The problem isn't with the CA's cache necessarily, but (also) proxy caches between the client and the server. We cannot assume that proxy caches are operating according to the spec, especially in the face of an attack on the client's network that OCSP defends against.
Our list of CAs and GET/POST preference of their OCSP servers will:
- never be complete
- get out of date when CAs change their servers

An automatic fallback is necessary.
Duplicate of this bug: 662239
Only supporting OCSP-GET and then fail back to OCSP-POST is enough at first release?
Demand for supporting OCSP has grown every year.
Therefore, reducing the load of OCSP signing engine is an important task.
"The OCSP responder MUST support requests and responses over HTTP. When sending requests that are less than or equal to 255 bytes in total (after encoding) including the scheme and delimiters (http://), server name and base64-encoded OCSPRequest structure, clients MUST use the GET method (to enable OCSP response caching)."

- Standards Track RFC 5019, The Lightweight Online Certificate Status Protocol (OCSP) Profile for High-Volume Environments
Is someone preparing for implementing this scheme?
For now I'm releasing this.
Assignee: honzab.moz → nobody
Hello Honza,

Could you please let me investigate the releasing version?
sugi, if GobalSign wants to reduce the number of OCSP requests its servers receive, please have GobalSign sponsor the development and testing of OCSP stapling on open source products like Apache, nginx, etc., and help encourage server admins to enable that feature. We are planning to implement OCSP stapling soon, and OCSP stapling has advantages for users *and* CAs.

We will implement some kind of persistent revocation status caching, even for responses retrieved via POST; after that, the main advantage of GET over POST would be support for caching by proxy caches. This isn't enough of a justification for making requesting via GET a high priority.
Hello Brian,

Of course we'll help the test if required.
We have some enviroment for PKI field.
Sugi, it would be great if you could test the OCSP stapling support for Apache and report the results back in bug 360420 and/or reply to Gerv's message on the mailing list: http://permalink.gmane.org/gmane.comp.mozilla.crypto/16169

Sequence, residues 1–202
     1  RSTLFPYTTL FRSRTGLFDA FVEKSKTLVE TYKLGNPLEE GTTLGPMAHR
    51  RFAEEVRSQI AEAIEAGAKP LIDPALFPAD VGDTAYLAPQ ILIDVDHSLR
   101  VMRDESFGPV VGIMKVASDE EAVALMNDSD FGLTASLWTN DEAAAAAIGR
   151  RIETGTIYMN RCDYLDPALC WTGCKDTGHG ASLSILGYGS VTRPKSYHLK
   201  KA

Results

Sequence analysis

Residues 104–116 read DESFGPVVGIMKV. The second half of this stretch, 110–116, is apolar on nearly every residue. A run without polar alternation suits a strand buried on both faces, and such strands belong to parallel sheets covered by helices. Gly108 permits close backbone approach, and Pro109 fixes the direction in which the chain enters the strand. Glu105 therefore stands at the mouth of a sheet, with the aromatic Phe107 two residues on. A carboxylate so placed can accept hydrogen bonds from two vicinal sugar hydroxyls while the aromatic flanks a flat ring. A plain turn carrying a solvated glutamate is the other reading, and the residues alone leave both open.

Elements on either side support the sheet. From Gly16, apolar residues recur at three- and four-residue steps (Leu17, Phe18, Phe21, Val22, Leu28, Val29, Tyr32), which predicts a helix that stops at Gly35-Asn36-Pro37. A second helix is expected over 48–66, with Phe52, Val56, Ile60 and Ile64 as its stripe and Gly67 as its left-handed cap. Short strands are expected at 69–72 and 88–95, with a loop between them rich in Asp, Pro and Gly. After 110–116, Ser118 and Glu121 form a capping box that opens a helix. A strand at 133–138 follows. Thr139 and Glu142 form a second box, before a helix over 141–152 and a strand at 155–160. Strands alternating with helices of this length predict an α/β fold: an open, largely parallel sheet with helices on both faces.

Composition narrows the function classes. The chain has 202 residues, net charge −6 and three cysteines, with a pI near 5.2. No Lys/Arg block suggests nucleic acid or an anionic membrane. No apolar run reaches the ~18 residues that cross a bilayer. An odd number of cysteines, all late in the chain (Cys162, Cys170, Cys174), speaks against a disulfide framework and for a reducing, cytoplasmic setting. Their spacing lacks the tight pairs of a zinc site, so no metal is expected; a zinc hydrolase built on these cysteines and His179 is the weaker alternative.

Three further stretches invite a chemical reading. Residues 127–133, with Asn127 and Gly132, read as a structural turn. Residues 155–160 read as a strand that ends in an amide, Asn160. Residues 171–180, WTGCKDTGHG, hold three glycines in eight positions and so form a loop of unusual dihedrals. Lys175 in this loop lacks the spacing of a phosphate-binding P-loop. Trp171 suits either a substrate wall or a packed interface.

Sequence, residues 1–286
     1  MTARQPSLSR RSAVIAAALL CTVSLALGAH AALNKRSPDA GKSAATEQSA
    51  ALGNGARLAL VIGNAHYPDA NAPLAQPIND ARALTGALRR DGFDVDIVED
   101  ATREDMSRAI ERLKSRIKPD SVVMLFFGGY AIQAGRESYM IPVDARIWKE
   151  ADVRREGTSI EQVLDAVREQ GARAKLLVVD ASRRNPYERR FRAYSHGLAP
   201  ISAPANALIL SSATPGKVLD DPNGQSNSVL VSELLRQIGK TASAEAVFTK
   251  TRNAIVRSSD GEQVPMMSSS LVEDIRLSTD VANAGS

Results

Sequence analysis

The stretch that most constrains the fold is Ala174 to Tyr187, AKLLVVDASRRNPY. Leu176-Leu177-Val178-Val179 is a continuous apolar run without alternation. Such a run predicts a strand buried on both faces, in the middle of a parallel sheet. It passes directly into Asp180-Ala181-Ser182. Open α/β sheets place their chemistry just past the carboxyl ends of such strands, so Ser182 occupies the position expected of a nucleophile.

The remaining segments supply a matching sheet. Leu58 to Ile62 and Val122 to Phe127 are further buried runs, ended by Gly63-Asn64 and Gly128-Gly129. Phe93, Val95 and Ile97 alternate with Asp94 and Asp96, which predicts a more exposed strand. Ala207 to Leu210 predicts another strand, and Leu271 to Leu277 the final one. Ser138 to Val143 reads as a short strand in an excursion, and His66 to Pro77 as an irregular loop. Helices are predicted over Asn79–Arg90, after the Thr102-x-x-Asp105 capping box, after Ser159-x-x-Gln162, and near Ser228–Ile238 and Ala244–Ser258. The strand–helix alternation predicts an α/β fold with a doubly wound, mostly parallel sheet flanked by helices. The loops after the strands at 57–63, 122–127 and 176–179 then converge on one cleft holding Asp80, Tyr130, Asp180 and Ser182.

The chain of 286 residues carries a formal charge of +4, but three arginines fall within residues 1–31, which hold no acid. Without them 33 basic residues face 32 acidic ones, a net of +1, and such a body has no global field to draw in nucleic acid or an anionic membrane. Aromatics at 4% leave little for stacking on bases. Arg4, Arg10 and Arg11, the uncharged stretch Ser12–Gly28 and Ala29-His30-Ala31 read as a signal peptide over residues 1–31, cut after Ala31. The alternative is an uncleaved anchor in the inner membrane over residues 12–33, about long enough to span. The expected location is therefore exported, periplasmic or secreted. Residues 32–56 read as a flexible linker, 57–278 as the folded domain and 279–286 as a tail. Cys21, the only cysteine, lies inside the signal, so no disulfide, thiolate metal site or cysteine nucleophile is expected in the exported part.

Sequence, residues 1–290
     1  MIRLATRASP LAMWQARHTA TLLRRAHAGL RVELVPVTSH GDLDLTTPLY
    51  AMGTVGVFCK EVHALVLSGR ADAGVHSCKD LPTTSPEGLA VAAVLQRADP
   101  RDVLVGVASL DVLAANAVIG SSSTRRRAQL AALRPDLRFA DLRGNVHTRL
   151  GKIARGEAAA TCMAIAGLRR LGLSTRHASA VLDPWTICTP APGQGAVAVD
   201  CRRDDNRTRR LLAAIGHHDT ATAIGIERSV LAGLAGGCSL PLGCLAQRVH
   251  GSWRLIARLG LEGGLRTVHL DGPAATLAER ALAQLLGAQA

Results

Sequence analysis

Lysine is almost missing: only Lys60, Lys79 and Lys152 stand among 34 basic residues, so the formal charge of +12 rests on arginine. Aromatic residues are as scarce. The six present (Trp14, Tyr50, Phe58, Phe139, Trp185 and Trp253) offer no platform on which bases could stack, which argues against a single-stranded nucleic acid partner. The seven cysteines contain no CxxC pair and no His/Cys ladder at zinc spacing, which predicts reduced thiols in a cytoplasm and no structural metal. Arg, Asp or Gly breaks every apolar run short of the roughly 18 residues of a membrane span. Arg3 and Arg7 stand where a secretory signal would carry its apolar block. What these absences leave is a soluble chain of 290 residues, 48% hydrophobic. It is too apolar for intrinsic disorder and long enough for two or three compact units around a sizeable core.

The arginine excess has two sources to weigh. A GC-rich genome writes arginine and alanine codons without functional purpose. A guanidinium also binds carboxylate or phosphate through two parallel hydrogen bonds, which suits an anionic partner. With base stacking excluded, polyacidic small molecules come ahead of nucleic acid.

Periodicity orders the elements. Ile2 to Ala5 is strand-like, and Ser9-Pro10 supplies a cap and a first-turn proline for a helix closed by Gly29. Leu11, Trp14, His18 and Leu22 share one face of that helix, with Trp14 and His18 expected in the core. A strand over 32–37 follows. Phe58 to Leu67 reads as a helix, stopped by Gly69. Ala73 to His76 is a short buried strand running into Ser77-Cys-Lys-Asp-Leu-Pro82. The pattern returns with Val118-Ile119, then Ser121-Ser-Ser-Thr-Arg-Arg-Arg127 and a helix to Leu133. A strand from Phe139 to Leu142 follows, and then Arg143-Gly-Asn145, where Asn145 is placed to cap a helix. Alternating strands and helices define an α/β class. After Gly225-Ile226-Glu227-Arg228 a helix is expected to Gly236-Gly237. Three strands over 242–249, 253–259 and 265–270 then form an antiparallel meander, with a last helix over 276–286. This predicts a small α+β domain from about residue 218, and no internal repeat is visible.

(Just to be clear, in order to test Apache's stapling support, you have to use IE9 or another client for now, until bug 360420 is resolved.)
(In reply to comment #18)
> Hello Honza,
> 
> Could you please let me investigate the releasing version?

Sugi, I believe you misunderstood, Honza was not talking about creating a software release. Instead Honza removed himself as the assignee of this bug, so he released the bug, but not fixed the bug.
Hello Sirs,

I see.
Then, let's fix this bug.
Unfortunately, I have little experience with C and I've never posted to mozilla project yet.
I'm very happy if someone supports me.

I've glanced at the source code.
Then "ocsp_sendEncodedRequest" function in "ocsp.c" was hard coded with POST method.
Before the POST, GET method should be inserted if the size of the request is less than or equal to 255 bytes.
Maybe some complicated caching logic should be implemented, but the above is enough for the first release?

Regards,
Koichi Sugimoto.
sugi: I think the logic needs to be:

Try GET (for a request of any size)
If GET fails or response is out of date, try POST
If POST fails, follow the existing error path

It is the waiting and retrying which will probably make this patch more complicated. (I do not understand this code; someone like Nelson or Kai would need to help you with specific questions about it.)

Gerv
Sugi, would it satisfy your goal if Gecko (Firefox) cached the results of the POST? Or, are you specifically trying to enable proxy caches?

I am very interested in getting Gecko (Firefox) to cache OCSP responses (regardless of method of retrieval) on disk. We don't need to change NSS to support GET to do that. If you would like to work on this, then I can set up a discussion with you, me, Kai, and our cache people.
Hello Brian,

My goal is proxy caches.
I think RFC 5019 should be supported.
Therefore, HTTP-GET based request (no nonce) is mandatory as most browsers (IE, Opera, Safari, Chrome ..) already support this scheme.
Proxy caching reduces the load of signing engine of OCSP server.